Under s. 734.7(1) of the Code, a warrant of committal for
the imprisonment of an offender in default of payment of a
fine imposed in lieu of forfeiture shall not be issued unless the
offender has the means to pay the fine but has refused to do so
without reasonable excuse: see R. v. Wu,  3 S.C.R. 530,
 S.C.J. No. 78, 2003 SCC 73, at para. 31; and Lavigne,
at para. 46. If Mr. Rafilovich does not have the means to pay the
fine in lieu of forfeiture, that would constitute a reasonable
excuse for non-payment under s. 734.7(1) and he could not
 I therefore see no injustice in refusing to allow an accused
to benefit from the proceeds of crime, and requiring him to
account for those funds, even if some of them have been released
for payment of legal fees or living expenses.
 Accordingly, I would vary the sentence imposed to add a
fine in lieu of forfeiture in the sum of $41, 131.39, plus $845, the
latter being roughly equal to US$651 American dollars, for a
total of $41,976.39.
 In default of payment of this fine, the accused is sentenced to 12 months’ imprisonment.
(2) Forfeiture of offence-related property
 “Offence-related property” is defined in s. 2(1) of the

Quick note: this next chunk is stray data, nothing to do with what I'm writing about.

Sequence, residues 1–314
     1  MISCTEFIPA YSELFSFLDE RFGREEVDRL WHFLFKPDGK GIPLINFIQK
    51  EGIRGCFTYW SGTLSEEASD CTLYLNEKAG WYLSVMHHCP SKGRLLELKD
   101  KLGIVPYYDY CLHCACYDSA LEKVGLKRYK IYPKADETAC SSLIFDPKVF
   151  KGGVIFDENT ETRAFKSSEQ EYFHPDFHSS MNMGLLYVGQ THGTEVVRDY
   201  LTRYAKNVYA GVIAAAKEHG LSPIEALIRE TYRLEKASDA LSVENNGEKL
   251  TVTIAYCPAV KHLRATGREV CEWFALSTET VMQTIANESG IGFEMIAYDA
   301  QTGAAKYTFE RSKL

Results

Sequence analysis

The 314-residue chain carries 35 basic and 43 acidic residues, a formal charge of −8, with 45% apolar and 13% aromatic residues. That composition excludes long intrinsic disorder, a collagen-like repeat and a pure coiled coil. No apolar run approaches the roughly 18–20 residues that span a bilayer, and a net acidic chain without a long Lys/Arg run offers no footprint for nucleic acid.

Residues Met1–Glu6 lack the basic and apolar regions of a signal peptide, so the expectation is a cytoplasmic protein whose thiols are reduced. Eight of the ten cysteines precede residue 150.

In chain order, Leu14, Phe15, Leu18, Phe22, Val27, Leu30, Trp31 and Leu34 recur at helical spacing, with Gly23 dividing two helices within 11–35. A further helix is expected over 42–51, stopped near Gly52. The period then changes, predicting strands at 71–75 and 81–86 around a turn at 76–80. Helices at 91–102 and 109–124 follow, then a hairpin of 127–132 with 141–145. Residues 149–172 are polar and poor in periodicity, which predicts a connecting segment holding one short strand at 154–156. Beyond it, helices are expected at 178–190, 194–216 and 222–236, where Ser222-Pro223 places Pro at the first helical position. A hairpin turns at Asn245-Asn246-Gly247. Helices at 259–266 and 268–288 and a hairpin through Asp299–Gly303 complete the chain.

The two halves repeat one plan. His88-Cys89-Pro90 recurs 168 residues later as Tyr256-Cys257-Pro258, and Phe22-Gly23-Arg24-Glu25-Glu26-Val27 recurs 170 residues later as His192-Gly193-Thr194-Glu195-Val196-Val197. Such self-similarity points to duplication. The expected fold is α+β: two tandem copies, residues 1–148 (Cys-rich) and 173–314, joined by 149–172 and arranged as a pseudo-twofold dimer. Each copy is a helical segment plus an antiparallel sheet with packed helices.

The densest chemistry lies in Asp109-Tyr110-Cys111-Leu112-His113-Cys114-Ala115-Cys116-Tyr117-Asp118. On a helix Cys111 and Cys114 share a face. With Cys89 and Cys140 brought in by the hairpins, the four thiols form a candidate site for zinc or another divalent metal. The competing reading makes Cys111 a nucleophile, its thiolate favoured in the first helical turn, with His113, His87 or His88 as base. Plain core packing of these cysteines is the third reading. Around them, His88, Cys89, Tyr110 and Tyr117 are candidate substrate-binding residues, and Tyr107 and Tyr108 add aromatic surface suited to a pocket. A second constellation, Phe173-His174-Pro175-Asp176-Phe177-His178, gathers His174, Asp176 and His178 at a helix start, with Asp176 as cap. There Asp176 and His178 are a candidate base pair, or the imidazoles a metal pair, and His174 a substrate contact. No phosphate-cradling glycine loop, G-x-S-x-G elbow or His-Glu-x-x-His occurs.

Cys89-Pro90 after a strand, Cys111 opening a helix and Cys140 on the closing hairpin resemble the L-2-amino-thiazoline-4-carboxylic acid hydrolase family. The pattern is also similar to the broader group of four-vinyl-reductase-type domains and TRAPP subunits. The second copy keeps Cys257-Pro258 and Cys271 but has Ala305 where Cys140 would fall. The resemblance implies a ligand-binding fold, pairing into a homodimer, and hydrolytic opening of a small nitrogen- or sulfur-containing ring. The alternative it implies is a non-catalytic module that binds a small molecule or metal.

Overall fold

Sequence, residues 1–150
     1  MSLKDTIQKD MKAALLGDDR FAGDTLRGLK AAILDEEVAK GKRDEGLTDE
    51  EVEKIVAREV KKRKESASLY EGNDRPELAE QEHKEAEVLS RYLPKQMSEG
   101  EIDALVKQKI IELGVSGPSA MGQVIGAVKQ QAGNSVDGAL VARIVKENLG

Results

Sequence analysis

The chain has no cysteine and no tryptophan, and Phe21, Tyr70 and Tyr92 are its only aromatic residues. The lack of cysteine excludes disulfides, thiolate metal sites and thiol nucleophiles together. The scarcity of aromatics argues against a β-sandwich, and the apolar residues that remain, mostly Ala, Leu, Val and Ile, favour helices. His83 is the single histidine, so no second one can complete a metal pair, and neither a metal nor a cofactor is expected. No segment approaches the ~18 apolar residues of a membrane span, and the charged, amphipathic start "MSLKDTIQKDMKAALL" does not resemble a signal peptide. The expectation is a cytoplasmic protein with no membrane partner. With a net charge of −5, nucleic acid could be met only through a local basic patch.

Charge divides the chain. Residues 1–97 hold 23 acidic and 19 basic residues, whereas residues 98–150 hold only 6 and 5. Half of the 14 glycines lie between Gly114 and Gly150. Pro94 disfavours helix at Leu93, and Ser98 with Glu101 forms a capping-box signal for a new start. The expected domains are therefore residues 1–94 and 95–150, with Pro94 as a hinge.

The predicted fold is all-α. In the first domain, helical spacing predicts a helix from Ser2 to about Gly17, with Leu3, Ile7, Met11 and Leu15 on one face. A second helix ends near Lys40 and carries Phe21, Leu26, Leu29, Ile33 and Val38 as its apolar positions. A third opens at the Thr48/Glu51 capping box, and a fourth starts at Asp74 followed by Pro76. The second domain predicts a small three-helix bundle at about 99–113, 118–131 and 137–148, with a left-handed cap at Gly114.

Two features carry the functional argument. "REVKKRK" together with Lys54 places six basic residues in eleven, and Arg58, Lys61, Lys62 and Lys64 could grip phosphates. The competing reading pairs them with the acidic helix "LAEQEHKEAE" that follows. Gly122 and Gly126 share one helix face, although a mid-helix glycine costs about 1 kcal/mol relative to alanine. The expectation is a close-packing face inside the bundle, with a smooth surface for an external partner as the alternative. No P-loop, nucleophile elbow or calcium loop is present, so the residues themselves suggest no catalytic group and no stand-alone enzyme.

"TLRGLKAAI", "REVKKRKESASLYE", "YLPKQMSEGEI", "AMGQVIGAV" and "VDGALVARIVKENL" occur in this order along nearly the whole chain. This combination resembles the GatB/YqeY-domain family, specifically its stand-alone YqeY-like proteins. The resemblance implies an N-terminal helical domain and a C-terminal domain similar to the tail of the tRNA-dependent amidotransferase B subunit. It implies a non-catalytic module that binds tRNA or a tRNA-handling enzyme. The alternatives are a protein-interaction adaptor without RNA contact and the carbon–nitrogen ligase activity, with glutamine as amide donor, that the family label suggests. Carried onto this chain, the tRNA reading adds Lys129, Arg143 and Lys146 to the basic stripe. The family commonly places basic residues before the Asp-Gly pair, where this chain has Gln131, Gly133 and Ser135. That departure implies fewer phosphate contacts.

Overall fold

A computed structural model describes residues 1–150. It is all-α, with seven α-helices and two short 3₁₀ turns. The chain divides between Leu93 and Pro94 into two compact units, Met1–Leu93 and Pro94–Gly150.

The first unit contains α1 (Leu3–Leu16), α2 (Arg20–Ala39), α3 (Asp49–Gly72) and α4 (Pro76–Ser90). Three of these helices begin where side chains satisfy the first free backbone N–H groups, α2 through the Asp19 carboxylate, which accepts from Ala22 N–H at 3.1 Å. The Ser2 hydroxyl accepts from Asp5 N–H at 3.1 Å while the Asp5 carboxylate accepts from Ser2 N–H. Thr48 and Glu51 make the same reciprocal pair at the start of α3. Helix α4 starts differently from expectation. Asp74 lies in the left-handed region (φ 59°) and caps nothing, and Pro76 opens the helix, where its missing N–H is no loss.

CDSA as any property,
(a) by means of or in respect of which a designated substance offence is
(b) that is used in any manner in connection with the commission of a des-
ignated substance offence, or
(c) that is intended for use for the purpose of committing a designated
 The appellant concedes that the 210 Victoria Street condominium unit was offence-related property.
 Section 16(1) of the CDSA provides that where a person is
convicted of a designated offence, and the court is satisfied that
any property is offence-related property, and that the offence
was committed in relation to that property, the court shall order
that the property be forfeited.
 Section 19.1(3) of the CDSA provides that, if a court is
satisfied that the impact of an order of forfeiture would be disproportionate to the nature and gravity of the offence, the
circumstances surrounding the commission of the offence and
the criminal record, if any, of the person convicted, a court
may decide not to order forfeiture of the property or part of